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Students and faculty discuss sexual assault

Students and faculty discuss sexual assault
Students and faculty discussed sexual assault at BYU-I in the John Taylor building chapel. Photo credit: Liberty Gonzalez

Students and faculty discussed sexual assault at BYU-Idaho in the John Taylor Building on Wednesday.

Faculty, headed by the university Title IX coordinator Nick Rammell, answered students’ questions and addressed their concerns about sexual assault in a forum-style question-and-answer format.

“The call for everyone on campus is to stop abuse of all forms,” Rammell said. “Not only to react with compassion but to decrease such instances on our campus by spreading understanding.”

The university invited all students to attend the event through an email sent out two days prior to the meeting on Wednesday, March 1.

Research shows that sexual assault increased an estimated 15-fold from 2009 to 2019 — and BYU-I is not exempt.

“We saw more reports of sexual assault last fall semester (2022) than we had seen in entire years previously,” Rammell said.

Rammell estimates that about 70% of the sexual assault cases reported to the Title IX office stem from dating apps.

“There’s nothing wrong with dating apps,” Rammell said. “But you have to be careful.”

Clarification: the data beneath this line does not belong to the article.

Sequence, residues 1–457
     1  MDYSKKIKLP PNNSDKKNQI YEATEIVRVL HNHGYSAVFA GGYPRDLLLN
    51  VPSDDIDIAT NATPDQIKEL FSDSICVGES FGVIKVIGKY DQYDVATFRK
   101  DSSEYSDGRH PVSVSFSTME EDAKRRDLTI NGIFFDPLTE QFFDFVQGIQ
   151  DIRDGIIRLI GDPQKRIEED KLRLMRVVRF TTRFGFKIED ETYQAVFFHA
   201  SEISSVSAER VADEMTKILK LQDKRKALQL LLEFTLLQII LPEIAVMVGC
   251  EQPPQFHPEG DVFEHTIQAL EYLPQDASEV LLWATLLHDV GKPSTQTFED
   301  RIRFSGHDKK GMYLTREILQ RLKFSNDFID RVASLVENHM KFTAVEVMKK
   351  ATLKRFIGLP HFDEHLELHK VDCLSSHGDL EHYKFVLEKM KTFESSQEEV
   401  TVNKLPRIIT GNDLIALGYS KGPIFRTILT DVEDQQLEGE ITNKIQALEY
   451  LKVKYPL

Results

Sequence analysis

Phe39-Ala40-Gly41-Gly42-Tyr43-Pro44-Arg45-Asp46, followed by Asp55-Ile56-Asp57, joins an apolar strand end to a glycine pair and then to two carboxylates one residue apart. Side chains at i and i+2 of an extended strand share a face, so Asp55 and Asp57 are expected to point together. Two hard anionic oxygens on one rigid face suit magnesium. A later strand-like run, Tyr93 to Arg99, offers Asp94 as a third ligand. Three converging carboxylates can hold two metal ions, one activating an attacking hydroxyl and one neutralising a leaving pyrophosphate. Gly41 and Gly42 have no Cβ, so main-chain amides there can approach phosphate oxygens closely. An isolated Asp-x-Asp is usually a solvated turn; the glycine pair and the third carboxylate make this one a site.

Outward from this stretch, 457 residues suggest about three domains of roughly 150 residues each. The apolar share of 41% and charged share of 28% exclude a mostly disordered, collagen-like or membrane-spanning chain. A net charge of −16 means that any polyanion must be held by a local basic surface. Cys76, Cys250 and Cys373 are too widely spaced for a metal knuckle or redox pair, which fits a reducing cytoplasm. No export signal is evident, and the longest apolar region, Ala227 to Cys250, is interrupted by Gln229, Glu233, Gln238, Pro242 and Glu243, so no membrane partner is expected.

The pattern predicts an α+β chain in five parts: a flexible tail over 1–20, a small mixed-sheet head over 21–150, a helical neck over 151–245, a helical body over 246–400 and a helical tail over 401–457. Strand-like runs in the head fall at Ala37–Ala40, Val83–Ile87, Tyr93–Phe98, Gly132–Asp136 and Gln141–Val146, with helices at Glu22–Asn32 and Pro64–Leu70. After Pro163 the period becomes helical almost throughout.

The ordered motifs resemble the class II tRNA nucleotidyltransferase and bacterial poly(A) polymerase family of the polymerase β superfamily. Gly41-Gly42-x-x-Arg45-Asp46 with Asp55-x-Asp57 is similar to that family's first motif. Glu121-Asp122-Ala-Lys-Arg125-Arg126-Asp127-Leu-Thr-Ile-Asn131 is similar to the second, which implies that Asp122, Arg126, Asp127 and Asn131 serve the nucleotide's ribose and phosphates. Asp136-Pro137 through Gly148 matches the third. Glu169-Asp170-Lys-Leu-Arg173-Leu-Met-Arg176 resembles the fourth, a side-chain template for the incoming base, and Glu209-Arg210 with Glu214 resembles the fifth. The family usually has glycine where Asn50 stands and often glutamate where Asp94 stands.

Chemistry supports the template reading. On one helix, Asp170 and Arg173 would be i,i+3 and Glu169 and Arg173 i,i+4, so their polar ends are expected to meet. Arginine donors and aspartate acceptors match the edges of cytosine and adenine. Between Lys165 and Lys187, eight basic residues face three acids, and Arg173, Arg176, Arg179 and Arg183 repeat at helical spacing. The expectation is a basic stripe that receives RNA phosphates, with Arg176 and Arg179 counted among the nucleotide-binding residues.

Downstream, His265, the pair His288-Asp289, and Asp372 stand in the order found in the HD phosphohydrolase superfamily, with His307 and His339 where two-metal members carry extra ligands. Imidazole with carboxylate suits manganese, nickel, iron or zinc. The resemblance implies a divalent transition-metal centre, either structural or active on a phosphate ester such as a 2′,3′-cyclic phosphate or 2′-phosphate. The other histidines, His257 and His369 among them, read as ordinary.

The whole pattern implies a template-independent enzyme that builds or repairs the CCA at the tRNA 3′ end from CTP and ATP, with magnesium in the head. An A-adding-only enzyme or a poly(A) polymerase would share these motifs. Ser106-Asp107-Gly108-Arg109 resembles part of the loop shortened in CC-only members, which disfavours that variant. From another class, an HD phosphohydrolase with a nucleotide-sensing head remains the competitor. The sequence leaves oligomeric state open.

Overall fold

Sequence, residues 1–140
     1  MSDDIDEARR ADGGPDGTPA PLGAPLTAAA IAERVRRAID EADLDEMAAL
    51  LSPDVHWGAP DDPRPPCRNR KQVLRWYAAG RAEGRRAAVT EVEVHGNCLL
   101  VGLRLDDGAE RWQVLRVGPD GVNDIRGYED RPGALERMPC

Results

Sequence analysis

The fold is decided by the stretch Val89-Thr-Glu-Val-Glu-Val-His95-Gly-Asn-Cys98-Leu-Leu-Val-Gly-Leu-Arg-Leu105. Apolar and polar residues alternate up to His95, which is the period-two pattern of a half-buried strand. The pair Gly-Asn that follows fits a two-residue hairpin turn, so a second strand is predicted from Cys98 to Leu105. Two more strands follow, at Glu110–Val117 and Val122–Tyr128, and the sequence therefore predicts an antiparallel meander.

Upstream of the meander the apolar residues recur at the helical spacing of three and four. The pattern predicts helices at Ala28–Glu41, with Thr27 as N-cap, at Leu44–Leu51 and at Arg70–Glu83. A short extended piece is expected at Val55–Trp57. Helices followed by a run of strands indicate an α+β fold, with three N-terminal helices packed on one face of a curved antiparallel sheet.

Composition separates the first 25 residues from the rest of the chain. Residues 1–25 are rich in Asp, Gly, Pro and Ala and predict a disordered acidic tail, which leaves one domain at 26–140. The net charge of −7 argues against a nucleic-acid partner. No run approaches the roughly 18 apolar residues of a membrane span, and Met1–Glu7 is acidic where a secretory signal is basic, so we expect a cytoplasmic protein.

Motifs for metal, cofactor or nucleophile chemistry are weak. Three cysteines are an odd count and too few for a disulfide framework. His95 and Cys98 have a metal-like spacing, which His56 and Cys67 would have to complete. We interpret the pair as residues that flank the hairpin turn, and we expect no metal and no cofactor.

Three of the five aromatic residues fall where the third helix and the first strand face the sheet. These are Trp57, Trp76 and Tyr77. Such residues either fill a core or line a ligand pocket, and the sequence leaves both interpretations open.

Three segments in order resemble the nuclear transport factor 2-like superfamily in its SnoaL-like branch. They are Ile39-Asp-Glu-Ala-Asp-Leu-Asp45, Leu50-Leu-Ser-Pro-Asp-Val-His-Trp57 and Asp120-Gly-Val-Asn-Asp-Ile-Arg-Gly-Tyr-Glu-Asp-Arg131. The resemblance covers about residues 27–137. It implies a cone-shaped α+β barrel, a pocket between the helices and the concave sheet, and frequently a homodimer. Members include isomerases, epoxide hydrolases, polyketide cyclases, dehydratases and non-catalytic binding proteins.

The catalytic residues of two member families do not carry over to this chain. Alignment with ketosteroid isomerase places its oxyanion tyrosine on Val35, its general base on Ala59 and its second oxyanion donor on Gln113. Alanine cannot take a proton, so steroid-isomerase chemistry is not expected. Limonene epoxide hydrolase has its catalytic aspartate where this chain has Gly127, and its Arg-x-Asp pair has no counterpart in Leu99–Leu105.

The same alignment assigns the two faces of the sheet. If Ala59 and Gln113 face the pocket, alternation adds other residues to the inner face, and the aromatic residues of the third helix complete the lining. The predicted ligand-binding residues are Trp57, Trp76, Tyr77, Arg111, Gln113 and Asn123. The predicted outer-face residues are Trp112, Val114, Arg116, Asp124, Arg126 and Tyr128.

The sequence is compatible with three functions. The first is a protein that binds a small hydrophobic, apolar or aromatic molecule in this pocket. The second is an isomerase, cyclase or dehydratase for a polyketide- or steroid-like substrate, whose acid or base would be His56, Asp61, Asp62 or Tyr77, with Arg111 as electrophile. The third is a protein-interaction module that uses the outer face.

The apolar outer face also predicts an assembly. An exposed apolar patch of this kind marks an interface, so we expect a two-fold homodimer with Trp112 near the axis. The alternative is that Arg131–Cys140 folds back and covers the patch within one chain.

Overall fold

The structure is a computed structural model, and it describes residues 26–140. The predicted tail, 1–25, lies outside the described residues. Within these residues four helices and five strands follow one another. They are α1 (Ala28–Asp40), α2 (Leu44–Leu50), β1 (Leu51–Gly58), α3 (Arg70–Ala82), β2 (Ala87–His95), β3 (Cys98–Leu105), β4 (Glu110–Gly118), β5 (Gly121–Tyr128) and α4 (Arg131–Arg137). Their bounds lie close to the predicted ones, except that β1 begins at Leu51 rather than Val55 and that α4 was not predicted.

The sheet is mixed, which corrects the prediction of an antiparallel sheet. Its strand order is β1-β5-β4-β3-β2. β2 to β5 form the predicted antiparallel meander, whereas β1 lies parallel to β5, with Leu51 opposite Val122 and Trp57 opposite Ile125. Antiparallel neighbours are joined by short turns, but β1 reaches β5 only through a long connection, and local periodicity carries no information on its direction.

Brenton Smith, a sophomore studying virtual design and construction, is concerned with what he thinks is a lack of understanding of sexual consent among students and decided to attend the forum to talk about it.

“I’m very interested to hear what actionable steps our Title IX office is taking to fight against sexual assault,” Smith said.

Another participant asked if something like mandatory consent training for every student at the outset of each semester might be something BYU-I could implement.

Rammell, who answered questions and facilitated the discussion, agreed that he supports the idea but that BYU-I students and faculty need to ask themselves, “What’s that conversation look like? What’s the conversation we need to have?”

Many pre-made curriculums teaching about appropriate sexual behavior and the importance of consent wouldn’t effectively address the unique cultural needs of BYU-I as a church school.

“We all really need to ask ourselves — and I welcome feedback on this — ‘What doctrine and principles do we need to understand to change our behavior and attitudes within dating?’” Rammell said.

About 40 attendees asked questions ranging from whether it’s appropriate for faculty to hug students to how to support someone who has experienced sexual assault.

“The last thing we want to do for someone who’s been victimized is to jump in and take control, even if you’re well-intentioned,” Rammell said. “They already had the experience where they lost control.”

Instead, those trying to help a friend who has experienced sexual assault should listen, take things seriously and avoid asking too many questions that could come across as accusatory or prying. Point them toward resources that could help them, such as the university’s Title IX office and professional counseling.

A second forum is scheduled for Friday, March 3, in the John Taylor Building Chapel. Questions for the event can be submitted anonymously here.

Sexual harassment of any kind is not tolerated at BYU-I and the university urges victims to reach out for help. More information on how the university handles sexual harassment can be found in the Title IX section of the BYU-I website.